Sunday , 24 September 2017

8 Lesser Discussed Social Media Changes – What to Pay Attention to in 2017

There’s been plenty of coverage of new features and tools that have been launched on the major social networks networks over the past year. And while additions such as Conversation Starters on LinkedIn or live 360 videos on Twitter are likely to impact B2B marketing in 2017, there have been some more critical, yet lesser discussed changes that are certain to have an effect on established social marketing tactics.

In addition, users constantly evolve and adopt new behaviors, sometimes guided by social networks but often because of macro trends such as shortening attention spans.

For these reasons, I chose to focus this article on some key features and user behaviors that have changed over the course of the last year, and to offer suggestions to adjust your existing strategies in line with these trends.

Changes on Twitter

The recent most notable change on Twitter was the way characters are counted in Tweets. As of September 2016, media content like photos, videos, GIFs as well as polls and Quote Tweets are no longer counted towards the 140-character limit.

This removes many of the constraints that marketers experienced on Twitter all these years and adds flexibility for annotating Tweets.

You can see the change in action here – in this tweet, I’ve attached an image but the character count remains at 140:

twitter-media-count

Among many positives, this change enables users to get the most out of hashtags – because there’s more room in a Tweet, marketers can separate hashtags from the headline and group them together at the end of a Tweet (or wherever it makes most sense). Doing this makes your annotations cleaner, which can help boost engagemen.

This also means that you can use more hashtags to potentially reach more people and get more engagement (though research suggests that fewer is better).

Another interesting feature is the ability to retweet yourself.

Users can boost a Tweet’s engagement if they feel it didn’t get the attention it deserves. As with any other Retweet, these can only be done once.

It makes sense to retweet your content because it raises your overall engagement rates and ensures that your future posts have more visibility.

retweet-self

The last Twitter feature worth noting is the ability to move a public conversation to a private Direct Message.

By adding a specially formatted URL, you can add a link to a public Tweet that will take the conversation to a direct message. Here’s the URL to use:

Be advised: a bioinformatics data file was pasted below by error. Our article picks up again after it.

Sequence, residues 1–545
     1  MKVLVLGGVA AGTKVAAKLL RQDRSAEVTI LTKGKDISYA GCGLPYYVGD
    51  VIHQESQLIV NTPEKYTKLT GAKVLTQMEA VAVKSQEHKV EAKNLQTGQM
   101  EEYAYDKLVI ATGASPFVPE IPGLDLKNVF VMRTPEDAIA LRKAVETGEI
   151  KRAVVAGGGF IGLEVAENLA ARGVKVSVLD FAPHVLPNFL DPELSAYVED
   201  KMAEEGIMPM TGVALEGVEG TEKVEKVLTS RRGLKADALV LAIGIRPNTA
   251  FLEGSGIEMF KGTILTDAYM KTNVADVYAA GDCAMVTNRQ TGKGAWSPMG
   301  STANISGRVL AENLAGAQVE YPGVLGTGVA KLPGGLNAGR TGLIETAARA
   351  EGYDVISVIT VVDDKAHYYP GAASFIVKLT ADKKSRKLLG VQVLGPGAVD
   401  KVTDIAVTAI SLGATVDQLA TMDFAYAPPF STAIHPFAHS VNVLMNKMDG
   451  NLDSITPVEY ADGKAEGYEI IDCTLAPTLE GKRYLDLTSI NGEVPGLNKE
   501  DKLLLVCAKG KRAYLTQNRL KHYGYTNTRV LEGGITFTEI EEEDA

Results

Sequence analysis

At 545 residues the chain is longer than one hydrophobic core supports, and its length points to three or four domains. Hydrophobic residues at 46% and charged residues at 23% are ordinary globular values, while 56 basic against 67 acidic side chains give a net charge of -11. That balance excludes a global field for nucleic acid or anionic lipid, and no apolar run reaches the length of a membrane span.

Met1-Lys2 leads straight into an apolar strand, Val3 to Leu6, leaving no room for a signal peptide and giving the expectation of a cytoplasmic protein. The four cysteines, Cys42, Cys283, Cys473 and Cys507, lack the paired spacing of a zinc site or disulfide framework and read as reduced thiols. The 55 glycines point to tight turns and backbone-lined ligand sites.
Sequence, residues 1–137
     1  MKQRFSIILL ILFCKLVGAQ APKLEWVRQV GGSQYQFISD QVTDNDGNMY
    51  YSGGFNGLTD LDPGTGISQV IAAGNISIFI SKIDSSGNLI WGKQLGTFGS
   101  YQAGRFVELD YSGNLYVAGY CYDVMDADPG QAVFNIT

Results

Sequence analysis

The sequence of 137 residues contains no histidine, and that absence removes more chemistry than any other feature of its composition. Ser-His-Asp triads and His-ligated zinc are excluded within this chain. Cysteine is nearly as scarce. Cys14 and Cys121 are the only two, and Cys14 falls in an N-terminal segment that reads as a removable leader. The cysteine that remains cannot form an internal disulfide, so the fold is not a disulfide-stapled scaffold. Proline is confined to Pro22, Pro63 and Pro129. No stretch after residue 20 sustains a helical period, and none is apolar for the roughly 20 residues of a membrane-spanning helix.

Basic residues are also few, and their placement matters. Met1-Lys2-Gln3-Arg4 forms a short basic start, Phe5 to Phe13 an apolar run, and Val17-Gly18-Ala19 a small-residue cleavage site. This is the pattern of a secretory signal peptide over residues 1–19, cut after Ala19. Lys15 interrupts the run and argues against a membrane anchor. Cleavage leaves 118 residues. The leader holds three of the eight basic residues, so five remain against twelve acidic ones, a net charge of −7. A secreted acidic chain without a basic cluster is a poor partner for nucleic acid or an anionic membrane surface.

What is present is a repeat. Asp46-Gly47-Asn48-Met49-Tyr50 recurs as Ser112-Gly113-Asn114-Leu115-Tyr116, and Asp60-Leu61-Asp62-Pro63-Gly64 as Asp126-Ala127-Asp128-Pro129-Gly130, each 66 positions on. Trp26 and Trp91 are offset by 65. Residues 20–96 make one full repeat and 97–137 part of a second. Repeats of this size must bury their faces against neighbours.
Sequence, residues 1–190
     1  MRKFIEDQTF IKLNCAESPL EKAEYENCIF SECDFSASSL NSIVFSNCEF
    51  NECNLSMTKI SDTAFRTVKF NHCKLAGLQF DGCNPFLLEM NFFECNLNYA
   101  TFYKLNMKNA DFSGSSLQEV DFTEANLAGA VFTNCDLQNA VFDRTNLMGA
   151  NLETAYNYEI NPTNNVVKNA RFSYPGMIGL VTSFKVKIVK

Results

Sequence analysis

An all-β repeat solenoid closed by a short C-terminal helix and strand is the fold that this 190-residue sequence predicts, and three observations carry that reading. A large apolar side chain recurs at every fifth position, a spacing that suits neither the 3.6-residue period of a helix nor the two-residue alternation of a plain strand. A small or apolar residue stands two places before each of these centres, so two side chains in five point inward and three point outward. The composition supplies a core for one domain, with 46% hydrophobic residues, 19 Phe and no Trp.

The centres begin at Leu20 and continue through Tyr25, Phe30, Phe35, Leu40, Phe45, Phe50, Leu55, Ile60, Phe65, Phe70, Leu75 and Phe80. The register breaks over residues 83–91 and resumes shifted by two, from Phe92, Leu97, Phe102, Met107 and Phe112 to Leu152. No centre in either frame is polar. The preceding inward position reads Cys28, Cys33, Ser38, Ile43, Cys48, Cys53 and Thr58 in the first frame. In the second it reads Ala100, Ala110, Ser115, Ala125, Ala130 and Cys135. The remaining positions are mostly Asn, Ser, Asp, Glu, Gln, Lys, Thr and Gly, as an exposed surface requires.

https://twitter.com/messages/compose?recipient_id=[your account’s numeric user ID]

Here’s how the link above gets formatted once it’s sent in a reply:

twitter-private-dm

In case you don’t know your numeric ID, you can find it with this tool.

If you append “&text={default text}” to the end of the URL above, you can pre-populate the reply text for your client. This way they’ll open the message and already have the beginning of their reply to you.

This can be useful if you need specific information, such as an order number. I added the text “My order number is” and here is the final URL:

https://twitter.com/messages/compose?recipient_id=2371071644&text=My%20order%20number%20is

There are many situations where you might want to move a conversation to a direct message, such as concern for a customer’s privacy or a potentially unpleasant conversation which you don’t want displayed publicly. The only catch is that you need to adjust your Twitter settings to accept Direct Messages from everyone.

receive-dm

Changes on Facebook

Facebook has supported hashtags since 2013 but they weren’t broadly adopted by users until last year. In fact, according to Kevan Lee, posts without hashtags fared better than those with hashtags. However, this was a year ago and much has changed.

Based on our analysis of 4 million B2B posts on Facebook from October 2016, we concluded that hashtags actually do contribute to engagement.

Besides, search results for the same term with and without a hashtag return different results, so at the very least, it’s worth experimenting with.

Here’s the first result of a search for the hashtag “#ContentMarketing”:

facebook-hashtag-search

And here is the first result of a search for the keyword “Content Marketing”:

facebook-keyword-search

From the data we analyzed, we saw a good case to use between 1 and 3 hashtags per post. It’s important to note that hashtag search adoption strongly depends on geography so you’ll need to make sure that there is use of hashtags in your country if your business is targeting a local audience.

If you need to find good hashtags, you can type them into the search field on Facebook. This will show the approximate search volume, as well as related hashtags.

facebook-hashtags

Another noteworthy aspect is the way that Facebook analyzes and treats images with text. An ad Image with more than 20% text gets increasingly less visibility as the percent of text increases. We’ve found that the same holds true for unpromoted posts.

This also applies to posts with thumbnails instead of images. If you nevertheless want to use images with text on them, you can verify their potential reach in Facebook’s Image Text Check tool.

facebook-image-text

Changes on LinkedIn

In my opinion, the most important changes on LinkedIn in 2016 were behavioral.

The default filtering of updates in the home feed by “Top Updates” facilitated a shift towards more generic content. This type of content generates more engagement, granted, but is also takes away visibility from industry-specific updates.

 

Read more: http://www.socialmediatoday.com/social-networks/8-lesser-discussed-social-media-changes-what-pay-attention-2017

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